Blending Contemporary Design and Cottage Warmth in the Home

Tudor windows in living room
Photography by Lauren Rubinstein

By Lauren Eberle

Early on, Nikie Barfield had dreams of pursuing interior design. But life—and a law degree—had guided the accomplished attorney on a different path at the time she and her husband fell for their darling 1920s cottage in Decatur, Georgia. “The Tudor windows won me over,” Nikie recalls. “We couldn’t resist the home’s charm, even though we knew we’d have a lot of work ahead of us.”

breakfast table and French doors
Photography by Lauren Rubinstein

As it turns out the renovation was just the spark it took to re-ignite Nikie’s previous passion. “I fell back in love with the whole design process— the creativity, the textures, the fabrics, the styling.” Soon, her work was published in a national magazine, boosting her confidence and garnering client attention.

weathered table, farmhouse sink in white kitchen
Photography by Lauren Rubinstein

Her style is classic and natural; she chooses timeless, neutral backdrops and infuses a bit of color and a nod to nature. Take, for instance, the kitchen, where a weathered table and farmhouse sink balance crisp marble countertops and stainless appliances. “The mix of Old World and new world takes the edge off contemporary style and makes any space appear more approachable,” she explains. Well-curated accessories such as glass globe bottles and an antique scale add interest, while a simple background of blue makes glass-front cabinets pop.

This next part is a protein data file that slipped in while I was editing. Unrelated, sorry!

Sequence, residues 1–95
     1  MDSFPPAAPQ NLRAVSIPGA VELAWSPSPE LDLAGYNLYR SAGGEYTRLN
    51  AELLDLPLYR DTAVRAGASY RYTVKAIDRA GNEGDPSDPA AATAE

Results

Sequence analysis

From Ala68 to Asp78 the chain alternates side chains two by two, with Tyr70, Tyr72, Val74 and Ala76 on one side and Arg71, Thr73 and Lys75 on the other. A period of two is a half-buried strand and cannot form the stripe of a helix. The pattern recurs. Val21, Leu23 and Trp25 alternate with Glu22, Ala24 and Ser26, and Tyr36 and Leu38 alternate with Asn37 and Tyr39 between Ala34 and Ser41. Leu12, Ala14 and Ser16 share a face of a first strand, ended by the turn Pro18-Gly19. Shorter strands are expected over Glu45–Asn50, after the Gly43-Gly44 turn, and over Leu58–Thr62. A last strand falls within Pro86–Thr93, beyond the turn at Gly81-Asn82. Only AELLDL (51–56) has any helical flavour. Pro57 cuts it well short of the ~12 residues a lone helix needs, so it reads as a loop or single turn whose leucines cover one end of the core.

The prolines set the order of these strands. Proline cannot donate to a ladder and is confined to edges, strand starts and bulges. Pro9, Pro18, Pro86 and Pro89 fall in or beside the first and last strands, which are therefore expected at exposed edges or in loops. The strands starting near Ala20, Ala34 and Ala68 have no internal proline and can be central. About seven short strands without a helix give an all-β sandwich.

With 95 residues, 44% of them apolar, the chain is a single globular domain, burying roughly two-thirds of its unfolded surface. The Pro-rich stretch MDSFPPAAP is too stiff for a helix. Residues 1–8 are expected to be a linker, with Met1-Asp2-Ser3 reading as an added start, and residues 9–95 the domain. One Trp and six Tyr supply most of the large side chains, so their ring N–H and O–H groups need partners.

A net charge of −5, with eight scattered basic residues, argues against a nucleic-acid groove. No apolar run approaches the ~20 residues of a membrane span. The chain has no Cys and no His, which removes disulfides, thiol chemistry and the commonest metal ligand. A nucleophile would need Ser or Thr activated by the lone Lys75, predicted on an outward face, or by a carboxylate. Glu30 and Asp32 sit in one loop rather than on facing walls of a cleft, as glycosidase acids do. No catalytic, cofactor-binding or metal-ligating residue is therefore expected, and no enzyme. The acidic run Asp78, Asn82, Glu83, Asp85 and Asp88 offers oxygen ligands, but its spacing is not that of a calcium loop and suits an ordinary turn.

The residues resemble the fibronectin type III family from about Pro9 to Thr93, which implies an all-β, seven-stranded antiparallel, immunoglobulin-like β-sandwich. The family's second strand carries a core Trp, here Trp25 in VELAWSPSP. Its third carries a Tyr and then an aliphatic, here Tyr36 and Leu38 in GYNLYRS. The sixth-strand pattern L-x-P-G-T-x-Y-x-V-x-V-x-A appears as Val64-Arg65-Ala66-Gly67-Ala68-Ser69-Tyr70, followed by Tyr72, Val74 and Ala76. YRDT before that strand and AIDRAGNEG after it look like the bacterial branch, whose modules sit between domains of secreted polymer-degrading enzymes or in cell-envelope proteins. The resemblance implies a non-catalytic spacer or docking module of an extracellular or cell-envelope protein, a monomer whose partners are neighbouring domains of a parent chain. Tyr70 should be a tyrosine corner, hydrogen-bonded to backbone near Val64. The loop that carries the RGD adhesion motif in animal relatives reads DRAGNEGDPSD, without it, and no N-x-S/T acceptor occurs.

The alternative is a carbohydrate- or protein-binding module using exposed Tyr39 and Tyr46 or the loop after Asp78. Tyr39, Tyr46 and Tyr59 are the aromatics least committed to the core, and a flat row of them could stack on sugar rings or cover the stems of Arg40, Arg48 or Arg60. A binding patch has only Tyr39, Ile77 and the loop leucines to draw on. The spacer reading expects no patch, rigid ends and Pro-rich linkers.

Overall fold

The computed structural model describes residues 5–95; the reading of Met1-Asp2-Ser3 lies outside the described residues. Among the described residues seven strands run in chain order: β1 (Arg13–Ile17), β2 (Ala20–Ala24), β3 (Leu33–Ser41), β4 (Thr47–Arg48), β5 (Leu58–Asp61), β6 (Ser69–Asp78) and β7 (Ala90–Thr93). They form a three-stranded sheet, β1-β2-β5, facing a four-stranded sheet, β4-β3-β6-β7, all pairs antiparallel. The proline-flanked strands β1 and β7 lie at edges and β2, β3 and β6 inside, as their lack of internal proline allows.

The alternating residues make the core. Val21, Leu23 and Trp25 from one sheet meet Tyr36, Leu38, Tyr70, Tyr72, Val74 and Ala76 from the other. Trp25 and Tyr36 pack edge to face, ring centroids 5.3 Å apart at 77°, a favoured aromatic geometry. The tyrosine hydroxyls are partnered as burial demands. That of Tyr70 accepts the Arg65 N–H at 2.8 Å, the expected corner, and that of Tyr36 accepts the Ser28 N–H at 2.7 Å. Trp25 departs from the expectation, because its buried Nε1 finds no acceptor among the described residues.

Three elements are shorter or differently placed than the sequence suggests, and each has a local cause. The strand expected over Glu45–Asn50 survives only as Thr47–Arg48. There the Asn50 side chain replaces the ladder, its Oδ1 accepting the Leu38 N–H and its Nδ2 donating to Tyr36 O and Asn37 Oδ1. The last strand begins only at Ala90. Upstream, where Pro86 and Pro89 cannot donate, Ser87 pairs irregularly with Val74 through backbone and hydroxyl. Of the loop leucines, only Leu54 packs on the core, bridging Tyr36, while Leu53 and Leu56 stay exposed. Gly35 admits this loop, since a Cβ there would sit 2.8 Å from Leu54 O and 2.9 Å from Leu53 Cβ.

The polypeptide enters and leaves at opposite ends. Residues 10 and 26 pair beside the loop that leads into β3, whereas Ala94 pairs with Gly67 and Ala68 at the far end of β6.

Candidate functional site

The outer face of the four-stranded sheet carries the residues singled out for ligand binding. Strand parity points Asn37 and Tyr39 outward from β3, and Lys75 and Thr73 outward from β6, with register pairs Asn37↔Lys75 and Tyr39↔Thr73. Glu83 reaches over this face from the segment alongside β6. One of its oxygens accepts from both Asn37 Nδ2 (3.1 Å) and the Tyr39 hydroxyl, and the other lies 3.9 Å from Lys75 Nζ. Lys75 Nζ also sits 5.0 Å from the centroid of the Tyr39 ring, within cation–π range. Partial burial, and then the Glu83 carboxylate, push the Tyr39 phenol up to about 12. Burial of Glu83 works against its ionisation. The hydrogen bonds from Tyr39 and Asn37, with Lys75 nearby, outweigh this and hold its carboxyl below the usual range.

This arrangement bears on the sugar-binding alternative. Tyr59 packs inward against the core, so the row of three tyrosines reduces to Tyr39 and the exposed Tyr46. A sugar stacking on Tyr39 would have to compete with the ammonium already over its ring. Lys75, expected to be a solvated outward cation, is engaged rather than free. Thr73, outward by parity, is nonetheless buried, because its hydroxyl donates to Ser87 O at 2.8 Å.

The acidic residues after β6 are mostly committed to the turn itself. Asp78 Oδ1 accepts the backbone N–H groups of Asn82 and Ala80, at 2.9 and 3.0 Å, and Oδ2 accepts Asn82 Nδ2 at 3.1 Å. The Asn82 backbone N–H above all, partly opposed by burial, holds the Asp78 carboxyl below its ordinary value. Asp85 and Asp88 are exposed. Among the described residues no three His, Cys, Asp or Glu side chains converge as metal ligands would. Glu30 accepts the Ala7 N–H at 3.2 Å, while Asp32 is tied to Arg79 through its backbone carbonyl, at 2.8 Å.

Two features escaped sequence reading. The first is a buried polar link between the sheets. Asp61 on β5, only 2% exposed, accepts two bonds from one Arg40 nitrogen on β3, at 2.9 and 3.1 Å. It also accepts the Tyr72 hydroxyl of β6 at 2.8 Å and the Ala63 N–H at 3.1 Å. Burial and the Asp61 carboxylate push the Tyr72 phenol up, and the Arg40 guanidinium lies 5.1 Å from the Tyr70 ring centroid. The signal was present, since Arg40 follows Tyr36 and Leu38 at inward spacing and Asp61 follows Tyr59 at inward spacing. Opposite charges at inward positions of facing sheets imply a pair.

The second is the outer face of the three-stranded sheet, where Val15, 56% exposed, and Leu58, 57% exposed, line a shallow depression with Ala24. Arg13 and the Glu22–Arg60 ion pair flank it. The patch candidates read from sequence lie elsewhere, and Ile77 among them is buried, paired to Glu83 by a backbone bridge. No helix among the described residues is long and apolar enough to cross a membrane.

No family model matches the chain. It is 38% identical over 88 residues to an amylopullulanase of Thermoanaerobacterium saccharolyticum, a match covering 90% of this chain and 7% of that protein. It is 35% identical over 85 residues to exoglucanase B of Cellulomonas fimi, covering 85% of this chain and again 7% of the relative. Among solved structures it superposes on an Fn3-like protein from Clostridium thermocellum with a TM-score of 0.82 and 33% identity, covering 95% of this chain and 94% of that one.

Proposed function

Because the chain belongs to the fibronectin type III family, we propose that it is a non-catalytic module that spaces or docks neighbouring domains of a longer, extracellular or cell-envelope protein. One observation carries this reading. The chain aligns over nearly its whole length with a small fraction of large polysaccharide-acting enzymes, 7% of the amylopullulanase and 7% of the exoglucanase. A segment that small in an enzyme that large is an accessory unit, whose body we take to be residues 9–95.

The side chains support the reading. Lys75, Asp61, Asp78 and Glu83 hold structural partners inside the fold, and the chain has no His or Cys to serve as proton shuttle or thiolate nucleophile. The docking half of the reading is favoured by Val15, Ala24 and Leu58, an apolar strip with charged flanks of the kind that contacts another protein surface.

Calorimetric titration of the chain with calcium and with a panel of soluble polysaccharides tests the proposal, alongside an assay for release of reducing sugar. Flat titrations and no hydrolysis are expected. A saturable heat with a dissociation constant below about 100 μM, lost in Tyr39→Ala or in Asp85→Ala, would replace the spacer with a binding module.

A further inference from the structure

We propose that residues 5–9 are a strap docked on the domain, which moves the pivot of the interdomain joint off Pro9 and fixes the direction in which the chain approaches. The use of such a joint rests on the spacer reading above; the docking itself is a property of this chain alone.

elegant and neutral family room
Photography by Lauren Rubinstein

In the living room, a contemporary rug anchors an antique European coffee table, stone mantel, and structured chairs. “Hide is one of my favorite family-friendly rugs, since it’s natural, budget-friendly, and durable for children.” In the family room, slipcovers are stars, creating a conversational area that’s high on both style and comfort.

sunny master suite
Photography by Lauren Rubinstein

Upstairs, a formerly unusable attic was transformed into a sunny master suite with steeply pitched ceilings and a spa-like bathroom. “My favorite part of this space is the antique dressing table,” Nikie says. “Its classic patina balances the crisp, white beadboard and breathes new life into the whole room.”

beadboard bathroom with antique vanity
Photography by Lauren Rubinstein

Throughout the home, bowls, vases, and even antique crocks cradle apples, tulips, ferns, and other houseplants. “Styling is a big part of the design package. Fruit and flowers go a long way in establishing an inviting feel. They’re easy to change out with the season, plus they add so much pleasure,” Nikie says. “Often we’re so busy that we forget to enjoy our surroundings. But, simply put, our homes are made to enjoy.”

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